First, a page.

“For example, a patient may be given a once-daily biologic in the first line therapy, a choice that is made because the biologic is well established and has a long history of use. If the first line biologic does not work, it will be unlikely that patients will be given the biobetter version since it has the same mechanism of action. As such, unless the biobetter offers enough to displace the use of the innovator original, then it will be a commercial struggle” Anonymous,Analytics Lead at a leading biopharmaceutical company

“They are two different businesses. Their target markets and pricing strategies can differ. In the biosimilar business, the main criterion is to increase the treatment accessibility by reducing the cost. Emerging markets and the Rest-of-the-World are the markets that biosimilars have good potential to grow, whereas regulated markets such as the US, Europe, Japan, Australia and New Zealand have good potential for biobetters. There is a business opportunity for both, separately” Durgaprasad Annavajjula ,Senior Vice President at Stelis Biopharma

Who Would Benefit from This Report?

Managers planning biobetter development programmes

HEOR teams building evidence of value for biobetter therapies

MSL teams needing to demonstrate the clinical advantages of biobetters to physicians

Commercial teams negotiating price and formulary position with payers

Regulatory professionals needing to navigate the as yet undefined submission and review pathways

Research managers designing biobetter clinical trials

Corporate managers needing to make strategic investment decisions in the biobetter market

Content Highlights

Executive Summary & Experts interviewed

The emergence of biobetters

The biosimilar struggle

Introducing biobetters

Biobetters vs. biosimilars

The biobetter advantage

Marketing acceptance of biobetters

Key Insights

Expanding treatment options

Delivering convenience to patients

The risk for increased safety issues

Formulary preference for cheaper biologic alternatives

The implications of competing with originators and biosimilars

Key Insights

Biobetters versus originators

An opportunity to lower healthcare cost versus originators

An opportunity to generate manufacturing efficiency and quicker time-to-market for drug developers

More robust pre-trial analytical capabilities are required

Biobetters versus biosimilars

Competing in terms of price will be a challenge

Addressing different patient types and populations

Timing the market entrance of a biobetter with respect to biosimilars

Challenges in biobetter development and uptake

Key Insights

Lack of a standardised definition and regulatory guidelines

The potential rise of intellectual property (IP) issues and competitor biobetters

The impact of market perception on clinical trial recruitment

Limited resources and the pressure to excel in the market

Putting a price on the value of biobetters

Key Insights

The issue of expensive pricing

A premium price for significant improvements in efficacy and safety

Lowered cost and other considerations during the valuation process

Strategies for future opportunities in the biobetter space

Key Insights

Seeking to address an unmet need

Mapping the safety data and the clinical trial design

Partnerships with biotech firms and research organisations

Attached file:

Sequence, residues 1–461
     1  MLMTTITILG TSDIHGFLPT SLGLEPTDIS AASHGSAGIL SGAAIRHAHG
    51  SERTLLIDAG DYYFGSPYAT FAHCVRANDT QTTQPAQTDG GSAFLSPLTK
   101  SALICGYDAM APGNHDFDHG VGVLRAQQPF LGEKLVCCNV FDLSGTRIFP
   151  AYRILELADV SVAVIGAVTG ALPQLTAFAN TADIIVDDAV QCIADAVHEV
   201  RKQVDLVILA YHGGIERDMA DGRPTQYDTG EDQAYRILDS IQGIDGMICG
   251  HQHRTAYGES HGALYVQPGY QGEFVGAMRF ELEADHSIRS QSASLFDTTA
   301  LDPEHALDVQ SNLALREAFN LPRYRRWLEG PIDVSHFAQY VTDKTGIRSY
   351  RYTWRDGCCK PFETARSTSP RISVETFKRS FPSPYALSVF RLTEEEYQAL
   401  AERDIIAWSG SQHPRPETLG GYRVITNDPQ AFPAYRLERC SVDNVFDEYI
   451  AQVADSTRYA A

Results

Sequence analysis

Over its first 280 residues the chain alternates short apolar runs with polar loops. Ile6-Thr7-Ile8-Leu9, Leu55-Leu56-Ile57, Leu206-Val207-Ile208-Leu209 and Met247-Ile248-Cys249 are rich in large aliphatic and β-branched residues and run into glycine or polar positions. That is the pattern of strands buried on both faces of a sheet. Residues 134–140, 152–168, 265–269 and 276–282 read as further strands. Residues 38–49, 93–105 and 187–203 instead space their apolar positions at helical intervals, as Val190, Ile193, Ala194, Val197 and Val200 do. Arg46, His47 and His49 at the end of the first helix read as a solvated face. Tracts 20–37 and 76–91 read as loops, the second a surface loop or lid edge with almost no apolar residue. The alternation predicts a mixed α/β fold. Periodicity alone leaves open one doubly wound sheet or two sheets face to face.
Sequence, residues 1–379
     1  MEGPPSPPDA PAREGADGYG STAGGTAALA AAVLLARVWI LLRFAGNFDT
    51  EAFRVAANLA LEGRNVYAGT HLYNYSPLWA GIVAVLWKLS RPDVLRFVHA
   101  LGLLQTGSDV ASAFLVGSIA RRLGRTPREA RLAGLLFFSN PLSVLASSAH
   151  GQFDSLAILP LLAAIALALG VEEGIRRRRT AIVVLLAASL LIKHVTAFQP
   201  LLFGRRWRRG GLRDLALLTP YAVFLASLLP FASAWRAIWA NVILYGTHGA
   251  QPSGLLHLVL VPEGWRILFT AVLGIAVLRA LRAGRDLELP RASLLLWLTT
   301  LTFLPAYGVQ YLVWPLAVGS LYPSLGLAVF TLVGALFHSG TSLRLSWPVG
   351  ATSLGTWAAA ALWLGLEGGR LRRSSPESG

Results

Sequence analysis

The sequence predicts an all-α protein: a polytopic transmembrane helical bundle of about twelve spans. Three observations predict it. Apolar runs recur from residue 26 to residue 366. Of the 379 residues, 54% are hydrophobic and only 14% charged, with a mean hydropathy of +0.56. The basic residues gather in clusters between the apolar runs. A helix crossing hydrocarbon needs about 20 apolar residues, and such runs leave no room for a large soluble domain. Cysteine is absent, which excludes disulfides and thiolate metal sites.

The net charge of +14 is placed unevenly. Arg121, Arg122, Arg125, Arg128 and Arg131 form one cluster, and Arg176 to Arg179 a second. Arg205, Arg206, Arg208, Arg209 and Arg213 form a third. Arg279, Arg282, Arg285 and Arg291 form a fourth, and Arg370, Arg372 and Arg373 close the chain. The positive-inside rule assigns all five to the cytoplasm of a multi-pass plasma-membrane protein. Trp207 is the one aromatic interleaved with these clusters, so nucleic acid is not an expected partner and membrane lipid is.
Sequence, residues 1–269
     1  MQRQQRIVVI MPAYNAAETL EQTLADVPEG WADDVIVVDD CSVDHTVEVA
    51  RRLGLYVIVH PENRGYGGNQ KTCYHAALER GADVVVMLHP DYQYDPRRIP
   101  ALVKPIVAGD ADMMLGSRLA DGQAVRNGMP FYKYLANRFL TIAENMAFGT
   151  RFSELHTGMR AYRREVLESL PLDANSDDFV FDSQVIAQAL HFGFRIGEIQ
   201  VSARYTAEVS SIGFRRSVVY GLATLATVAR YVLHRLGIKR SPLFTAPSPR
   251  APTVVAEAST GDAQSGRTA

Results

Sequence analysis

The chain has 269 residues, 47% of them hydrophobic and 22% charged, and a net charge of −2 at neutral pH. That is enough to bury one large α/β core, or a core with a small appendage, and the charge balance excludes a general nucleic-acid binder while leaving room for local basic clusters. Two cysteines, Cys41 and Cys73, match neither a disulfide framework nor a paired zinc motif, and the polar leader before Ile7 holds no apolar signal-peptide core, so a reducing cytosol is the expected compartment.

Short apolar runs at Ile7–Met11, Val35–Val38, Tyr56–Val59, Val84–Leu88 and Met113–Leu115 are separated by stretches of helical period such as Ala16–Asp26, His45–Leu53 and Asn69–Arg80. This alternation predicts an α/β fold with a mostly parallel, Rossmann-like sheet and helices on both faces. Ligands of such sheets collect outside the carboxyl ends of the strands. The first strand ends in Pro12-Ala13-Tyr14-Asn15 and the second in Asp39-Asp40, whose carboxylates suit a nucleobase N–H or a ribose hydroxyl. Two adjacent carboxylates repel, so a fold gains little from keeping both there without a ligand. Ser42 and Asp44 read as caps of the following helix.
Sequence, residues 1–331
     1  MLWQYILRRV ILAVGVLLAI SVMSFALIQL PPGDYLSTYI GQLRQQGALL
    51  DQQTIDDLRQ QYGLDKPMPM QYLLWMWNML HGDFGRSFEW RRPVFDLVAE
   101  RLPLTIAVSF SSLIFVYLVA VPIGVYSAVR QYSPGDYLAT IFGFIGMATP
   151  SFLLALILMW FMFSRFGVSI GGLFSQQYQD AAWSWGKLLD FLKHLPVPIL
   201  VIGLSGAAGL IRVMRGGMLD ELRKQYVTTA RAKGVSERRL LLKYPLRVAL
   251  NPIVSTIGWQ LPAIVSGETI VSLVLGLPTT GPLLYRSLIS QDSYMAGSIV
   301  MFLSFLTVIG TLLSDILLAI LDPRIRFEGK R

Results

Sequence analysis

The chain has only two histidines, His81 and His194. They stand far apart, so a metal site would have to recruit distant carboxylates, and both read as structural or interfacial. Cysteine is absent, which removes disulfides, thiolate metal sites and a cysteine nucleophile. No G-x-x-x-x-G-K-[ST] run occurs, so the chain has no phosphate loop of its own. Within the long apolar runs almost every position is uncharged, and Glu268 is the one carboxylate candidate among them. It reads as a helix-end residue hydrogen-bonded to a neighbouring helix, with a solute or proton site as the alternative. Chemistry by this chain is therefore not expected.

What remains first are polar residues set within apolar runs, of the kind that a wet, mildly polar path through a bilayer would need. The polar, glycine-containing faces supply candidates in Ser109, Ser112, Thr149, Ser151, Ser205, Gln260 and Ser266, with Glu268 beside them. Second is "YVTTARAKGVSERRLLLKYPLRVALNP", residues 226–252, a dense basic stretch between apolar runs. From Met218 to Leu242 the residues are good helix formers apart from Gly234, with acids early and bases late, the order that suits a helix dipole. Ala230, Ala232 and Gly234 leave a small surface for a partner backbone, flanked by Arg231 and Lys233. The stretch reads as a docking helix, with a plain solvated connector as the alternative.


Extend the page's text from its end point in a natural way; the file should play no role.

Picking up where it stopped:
Early engagement with stakeholders: KOLs, Clinicians and Payers

Predictions for biobetter development

Key Insights

About FirstWord

FirstWord is an innovative industry intelligence leader serving over 240,000 Pharma and MedTech professionals worldwide. FirstWord offers a range of products and services designed to help your company gain a competitive edge by making key business decisions with speed and confidence.

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1.Executive Summary
2.Experts interviewed
3.The landscape of biological medicines
3.1 The case for biological alternatives
3.2 Introducing biobetters
3.3 Biobetters vs. biosimilars
3.4 The biobetter advantage
4. Marketing acceptance of biobetters
4.1 Key Insights
4.2 Expanding treatment options
4.3 Delivering convenience to patients
4.4 The risk for increased safety issues
4.5 Formulary preference for cheaper biologic alternatives
5.SWOT Analysis
6. The implications of competing with originators and biosimilars
6.1 Key Insights
6.2 Biobetters versus biologics
6.2.1 An opportunity to lower healthcare cost versus originators
6.2.2 An opportunity to generate manufacturing efficiency and quicker time to-market for drug developers
6.2.3 More robust pre-trial analytical capabilities are required
6.3 Biobetters versus biosimilars
6.4 Competing in terms of price will be a challenge
6.5 Addressing different patient types and populations
6.6 Timing the market entrance of a biobetter with respect to biosimilars
7. Challenges in biobetter development and uptake
7.1 Key Insights
7.2 Lack of a standardised definition and regulatory guidelines
7.3 The potential rise of issues relating to intellectual property (IP)
7.4 The impact of market perception on clinical trial recruitment
7.5 Limited resources and the pressure to excel in the market
8. Putting a price on the value of biobetters
8.1 Key Insights
8.2 The issue of expensive pricing
8.3 A premium price for significant improvements in efficacy and safety
8.4 Lowered cost and other considerations during the valuation process
9. Future opportunities in the biobetter space
9.1 Key Insights
9.2 Seeking to address an unmet need
9.3 Mapping the safety data and the clinical trial design
9.4 Partnerships with biotech firms and research organisations
9.5 Early engagement with stakeholders
9.5.1 KOLs
9.5.2 Clinicians
9.5.3 Payers
10.Predictions for biobetter development
10.1 Key Insights
11.Conclusion
12.Appendix